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Buddhist Voices in School

How a Community Created a Buddhist Education Program for State Schools

  • Sue Erica Smith

Part of the Transgressions book series (TRANS)

Table of contents

  1. Front Matter
    Pages i-x
  2. Gathering Voices

    1. Front Matter
      Pages 1-1
    2. Sue Erica Smith
      Pages 3-7
    3. Sue Erica Smith
      Pages 9-18
    4. Sue Erica Smith
      Pages 19-34
    5. Sue Erica Smith
      Pages 35-53
  3. Listening to Many Voices

    1. Front Matter
      Pages 65-65
    2. Sue Erica Smith
      Pages 67-71
    3. Sue Erica Smith
      Pages 73-85
    4. Sue Erica Smith
      Pages 87-94
    5. Sue Erica Smith
      Pages 99-116
    6. Sue Erica Smith
      Pages 117-137
    7. Sue Erica Smith
      Pages 139-151
    8. Sue Erica Smith
      Pages 153-163
  4. Back Matter
    Pages 165-185

About this book

Introduction

TCSE-Smith, blurb (final 9 August 2013) There are 400 million Buddhists in the world. Buddhists in Australia make up 3% of the population. So why have Buddhists had so little to say about educating youth? And, can Buddhism survive in Australia without educating youth? Sue Smith in Buddhist Voices in School answers why Buddhists are reluctant to ‘go public’ on education, and how Buddhism has much to offer the critical area of enhancing the wellbeing of young people. Here she distinguishes spiritual education from religion. Using case studies of Buddhist classes in primary schools Smith shows how a community adapted Buddha-Dharma to fit with contemporary education. The book describes how Social and Emotional Learning, inquiry and experiential approaches to education fit well with the intentions of Buddhism. In these classes students learned to meditate and explored ethics through a lively selection of Jataka tales. Voices from a Buddhist community, state school teachers, parents and also students inform the narrative of this book. It is the students themselves that reveal over time how they have developed calm, focus, kindness, resilience and better ability to make choices through their participation. The author concludes that the principles and techniques used in this program make potent contributions to current pedagogy. This book will be of great value to educators, academics and all those who have interest in Buddhism and who care about how children are educated.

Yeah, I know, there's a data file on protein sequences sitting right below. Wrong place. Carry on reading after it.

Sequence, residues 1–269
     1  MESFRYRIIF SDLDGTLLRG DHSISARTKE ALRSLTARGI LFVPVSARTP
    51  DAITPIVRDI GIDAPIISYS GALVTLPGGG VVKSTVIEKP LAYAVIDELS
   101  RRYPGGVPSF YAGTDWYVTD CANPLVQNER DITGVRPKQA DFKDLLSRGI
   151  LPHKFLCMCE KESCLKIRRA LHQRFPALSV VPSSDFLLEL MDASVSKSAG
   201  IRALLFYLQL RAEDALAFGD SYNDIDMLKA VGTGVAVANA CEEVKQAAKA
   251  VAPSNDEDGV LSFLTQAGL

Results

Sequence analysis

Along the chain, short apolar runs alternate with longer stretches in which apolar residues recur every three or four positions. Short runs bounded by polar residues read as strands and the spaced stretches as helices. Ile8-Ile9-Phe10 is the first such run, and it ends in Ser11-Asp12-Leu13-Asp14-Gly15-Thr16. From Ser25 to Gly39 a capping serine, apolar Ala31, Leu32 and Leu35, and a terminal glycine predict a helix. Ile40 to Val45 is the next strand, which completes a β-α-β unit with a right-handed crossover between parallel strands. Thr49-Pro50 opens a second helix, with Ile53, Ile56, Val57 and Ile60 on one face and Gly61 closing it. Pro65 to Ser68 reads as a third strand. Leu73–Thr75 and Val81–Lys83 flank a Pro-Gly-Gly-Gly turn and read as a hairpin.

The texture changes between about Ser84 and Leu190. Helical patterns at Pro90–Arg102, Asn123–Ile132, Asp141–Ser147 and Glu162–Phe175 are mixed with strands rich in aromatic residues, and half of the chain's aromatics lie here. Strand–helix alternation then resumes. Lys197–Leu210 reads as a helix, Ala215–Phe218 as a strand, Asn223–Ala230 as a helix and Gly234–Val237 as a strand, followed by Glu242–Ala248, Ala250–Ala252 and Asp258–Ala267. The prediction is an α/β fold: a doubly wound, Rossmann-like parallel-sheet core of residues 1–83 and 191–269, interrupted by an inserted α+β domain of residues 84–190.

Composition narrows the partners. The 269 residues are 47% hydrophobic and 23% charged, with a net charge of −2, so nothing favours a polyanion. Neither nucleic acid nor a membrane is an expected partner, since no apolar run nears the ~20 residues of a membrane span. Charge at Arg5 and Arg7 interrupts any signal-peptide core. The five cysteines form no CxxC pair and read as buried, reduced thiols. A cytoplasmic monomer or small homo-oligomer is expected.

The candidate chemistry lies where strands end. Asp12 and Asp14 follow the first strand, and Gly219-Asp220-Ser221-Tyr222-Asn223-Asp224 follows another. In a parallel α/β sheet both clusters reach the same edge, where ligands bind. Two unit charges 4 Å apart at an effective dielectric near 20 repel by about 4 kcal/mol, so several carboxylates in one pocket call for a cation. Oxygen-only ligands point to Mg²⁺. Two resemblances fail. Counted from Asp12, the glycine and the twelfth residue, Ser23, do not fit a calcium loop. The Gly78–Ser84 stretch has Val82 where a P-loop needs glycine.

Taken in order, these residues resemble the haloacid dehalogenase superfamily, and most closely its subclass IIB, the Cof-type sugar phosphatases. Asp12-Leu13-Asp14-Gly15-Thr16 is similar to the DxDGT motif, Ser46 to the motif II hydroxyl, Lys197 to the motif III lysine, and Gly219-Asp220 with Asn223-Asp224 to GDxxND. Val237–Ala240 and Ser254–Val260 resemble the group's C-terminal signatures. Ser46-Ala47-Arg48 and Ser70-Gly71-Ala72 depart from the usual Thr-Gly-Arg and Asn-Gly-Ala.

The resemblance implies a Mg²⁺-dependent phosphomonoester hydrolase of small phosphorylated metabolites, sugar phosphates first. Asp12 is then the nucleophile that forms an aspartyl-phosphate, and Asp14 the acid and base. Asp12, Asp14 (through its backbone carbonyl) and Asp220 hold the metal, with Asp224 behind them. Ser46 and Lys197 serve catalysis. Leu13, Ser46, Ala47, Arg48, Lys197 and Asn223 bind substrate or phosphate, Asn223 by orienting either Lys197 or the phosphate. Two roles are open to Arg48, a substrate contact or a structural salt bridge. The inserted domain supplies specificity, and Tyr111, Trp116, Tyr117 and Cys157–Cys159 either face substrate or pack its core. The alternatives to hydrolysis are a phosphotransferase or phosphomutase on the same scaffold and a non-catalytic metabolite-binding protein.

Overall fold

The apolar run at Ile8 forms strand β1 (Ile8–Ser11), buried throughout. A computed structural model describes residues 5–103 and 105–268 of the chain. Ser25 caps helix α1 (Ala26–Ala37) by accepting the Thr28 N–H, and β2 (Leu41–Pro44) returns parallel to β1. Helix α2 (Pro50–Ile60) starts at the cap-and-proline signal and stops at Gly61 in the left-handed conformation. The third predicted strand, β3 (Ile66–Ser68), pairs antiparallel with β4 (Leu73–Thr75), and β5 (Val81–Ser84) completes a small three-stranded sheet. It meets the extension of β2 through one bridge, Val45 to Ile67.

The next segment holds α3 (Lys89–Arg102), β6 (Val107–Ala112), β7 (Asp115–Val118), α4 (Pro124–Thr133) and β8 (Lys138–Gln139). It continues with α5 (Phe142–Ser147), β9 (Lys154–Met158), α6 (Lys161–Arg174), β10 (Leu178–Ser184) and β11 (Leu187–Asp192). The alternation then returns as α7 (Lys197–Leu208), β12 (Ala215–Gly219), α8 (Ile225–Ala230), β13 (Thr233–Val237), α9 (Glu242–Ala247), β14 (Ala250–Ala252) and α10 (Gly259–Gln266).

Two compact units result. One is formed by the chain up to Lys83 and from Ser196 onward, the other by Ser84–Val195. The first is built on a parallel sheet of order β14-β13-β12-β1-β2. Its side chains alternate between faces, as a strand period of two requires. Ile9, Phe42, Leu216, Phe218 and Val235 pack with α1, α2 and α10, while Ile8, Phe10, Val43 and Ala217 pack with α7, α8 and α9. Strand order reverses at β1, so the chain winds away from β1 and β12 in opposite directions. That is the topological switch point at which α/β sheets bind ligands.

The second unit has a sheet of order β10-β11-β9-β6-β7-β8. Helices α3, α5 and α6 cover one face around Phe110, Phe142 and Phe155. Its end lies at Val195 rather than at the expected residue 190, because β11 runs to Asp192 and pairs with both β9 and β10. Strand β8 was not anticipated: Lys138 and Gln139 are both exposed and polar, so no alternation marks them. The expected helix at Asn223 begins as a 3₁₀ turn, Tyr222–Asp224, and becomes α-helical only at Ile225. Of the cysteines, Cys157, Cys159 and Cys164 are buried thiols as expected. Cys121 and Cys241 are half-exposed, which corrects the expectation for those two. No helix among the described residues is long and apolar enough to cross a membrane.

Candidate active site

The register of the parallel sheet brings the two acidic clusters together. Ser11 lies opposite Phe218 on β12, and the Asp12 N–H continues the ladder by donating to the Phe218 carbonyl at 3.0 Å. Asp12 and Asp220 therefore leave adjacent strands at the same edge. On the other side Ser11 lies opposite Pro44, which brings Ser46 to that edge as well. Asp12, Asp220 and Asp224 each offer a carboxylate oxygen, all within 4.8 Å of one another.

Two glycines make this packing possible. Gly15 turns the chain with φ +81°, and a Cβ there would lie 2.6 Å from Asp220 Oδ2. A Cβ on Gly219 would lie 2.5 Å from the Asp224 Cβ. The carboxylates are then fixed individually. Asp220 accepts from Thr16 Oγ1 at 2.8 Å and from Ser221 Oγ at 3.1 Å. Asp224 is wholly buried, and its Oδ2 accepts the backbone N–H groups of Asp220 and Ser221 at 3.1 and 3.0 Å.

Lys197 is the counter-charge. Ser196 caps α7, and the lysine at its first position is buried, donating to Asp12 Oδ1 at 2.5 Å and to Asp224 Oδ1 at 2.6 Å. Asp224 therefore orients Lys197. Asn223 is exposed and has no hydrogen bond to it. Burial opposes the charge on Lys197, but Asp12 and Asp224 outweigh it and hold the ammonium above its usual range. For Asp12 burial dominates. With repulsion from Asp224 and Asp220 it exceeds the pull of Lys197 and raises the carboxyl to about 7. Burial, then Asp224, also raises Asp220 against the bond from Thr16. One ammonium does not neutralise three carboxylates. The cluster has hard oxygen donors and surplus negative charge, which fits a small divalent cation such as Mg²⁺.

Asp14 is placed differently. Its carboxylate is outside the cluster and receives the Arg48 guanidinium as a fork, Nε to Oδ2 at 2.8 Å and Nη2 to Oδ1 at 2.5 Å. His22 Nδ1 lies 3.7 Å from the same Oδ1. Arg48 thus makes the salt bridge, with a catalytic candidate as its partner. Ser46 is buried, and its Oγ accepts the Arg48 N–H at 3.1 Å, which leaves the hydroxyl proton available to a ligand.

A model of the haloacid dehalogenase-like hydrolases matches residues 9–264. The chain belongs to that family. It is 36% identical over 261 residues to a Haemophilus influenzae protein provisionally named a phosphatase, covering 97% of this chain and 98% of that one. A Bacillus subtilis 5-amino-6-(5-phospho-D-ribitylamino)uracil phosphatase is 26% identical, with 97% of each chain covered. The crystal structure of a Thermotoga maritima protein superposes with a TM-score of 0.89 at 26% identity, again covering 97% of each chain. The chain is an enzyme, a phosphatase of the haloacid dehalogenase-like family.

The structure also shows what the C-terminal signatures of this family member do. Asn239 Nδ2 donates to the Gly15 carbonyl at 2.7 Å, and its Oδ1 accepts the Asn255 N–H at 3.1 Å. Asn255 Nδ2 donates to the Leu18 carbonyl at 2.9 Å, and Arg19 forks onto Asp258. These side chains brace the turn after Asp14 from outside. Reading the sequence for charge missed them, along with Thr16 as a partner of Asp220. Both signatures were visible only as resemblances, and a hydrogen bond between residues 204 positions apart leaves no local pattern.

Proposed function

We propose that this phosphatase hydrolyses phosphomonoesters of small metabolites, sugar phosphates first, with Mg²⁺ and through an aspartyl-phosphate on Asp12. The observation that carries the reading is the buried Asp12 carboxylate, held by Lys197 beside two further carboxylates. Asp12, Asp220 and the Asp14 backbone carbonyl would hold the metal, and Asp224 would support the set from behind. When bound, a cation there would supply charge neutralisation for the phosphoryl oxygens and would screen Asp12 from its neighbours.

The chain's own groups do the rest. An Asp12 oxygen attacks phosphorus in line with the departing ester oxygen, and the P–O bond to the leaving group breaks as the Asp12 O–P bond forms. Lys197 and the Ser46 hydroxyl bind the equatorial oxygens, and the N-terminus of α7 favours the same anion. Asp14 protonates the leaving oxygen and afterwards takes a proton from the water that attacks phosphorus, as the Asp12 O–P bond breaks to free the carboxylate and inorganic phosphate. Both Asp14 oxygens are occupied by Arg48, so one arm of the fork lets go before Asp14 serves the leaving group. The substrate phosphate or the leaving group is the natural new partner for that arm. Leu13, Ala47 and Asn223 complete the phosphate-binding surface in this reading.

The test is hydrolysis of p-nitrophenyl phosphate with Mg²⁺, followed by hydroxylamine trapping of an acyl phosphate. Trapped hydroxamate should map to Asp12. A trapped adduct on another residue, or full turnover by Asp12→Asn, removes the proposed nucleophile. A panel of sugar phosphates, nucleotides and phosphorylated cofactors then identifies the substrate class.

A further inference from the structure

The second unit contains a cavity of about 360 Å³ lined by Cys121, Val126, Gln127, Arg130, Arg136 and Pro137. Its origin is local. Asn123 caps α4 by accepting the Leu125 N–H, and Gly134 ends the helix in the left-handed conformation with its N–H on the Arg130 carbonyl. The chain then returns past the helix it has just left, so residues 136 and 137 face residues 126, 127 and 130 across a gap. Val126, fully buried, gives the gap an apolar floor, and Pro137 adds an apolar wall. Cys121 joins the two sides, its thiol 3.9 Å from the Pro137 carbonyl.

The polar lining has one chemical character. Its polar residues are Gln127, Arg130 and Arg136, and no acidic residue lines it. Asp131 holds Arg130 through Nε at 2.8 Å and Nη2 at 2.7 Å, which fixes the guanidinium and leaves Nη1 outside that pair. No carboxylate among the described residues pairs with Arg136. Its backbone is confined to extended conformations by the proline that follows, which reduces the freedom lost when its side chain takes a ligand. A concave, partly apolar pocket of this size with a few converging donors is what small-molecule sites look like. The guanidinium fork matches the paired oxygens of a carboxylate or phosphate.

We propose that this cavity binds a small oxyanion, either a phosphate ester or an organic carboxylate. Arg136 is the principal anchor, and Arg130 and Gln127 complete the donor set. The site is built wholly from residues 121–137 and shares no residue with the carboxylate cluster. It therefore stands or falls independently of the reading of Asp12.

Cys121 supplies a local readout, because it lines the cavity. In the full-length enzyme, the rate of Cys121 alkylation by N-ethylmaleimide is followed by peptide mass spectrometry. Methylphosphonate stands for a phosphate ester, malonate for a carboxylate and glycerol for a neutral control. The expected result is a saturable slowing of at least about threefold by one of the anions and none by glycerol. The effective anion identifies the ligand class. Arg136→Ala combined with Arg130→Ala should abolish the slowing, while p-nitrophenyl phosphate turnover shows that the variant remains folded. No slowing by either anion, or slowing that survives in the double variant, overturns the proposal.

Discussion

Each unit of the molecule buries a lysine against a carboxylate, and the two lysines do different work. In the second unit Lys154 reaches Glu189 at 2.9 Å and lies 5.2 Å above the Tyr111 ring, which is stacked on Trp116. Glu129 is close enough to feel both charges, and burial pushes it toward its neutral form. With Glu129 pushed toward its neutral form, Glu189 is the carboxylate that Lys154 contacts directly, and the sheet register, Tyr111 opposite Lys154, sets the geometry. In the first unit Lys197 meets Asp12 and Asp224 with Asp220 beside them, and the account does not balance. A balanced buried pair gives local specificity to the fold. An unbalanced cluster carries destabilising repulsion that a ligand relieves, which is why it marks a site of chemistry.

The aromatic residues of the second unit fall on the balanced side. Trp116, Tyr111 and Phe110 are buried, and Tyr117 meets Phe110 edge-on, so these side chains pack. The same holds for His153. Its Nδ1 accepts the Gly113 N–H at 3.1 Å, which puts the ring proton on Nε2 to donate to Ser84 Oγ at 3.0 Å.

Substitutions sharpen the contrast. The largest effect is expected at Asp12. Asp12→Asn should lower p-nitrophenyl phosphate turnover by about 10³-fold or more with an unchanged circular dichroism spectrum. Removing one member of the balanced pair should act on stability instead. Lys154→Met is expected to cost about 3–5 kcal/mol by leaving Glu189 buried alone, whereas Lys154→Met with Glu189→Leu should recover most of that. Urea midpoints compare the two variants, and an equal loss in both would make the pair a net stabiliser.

Keywords

mindfulness spiritual education Buddhist

Authors and affiliations

  • Sue Erica Smith
    • 1
  1. 1.Charles Darwin UniversityAustralia

Bibliographic information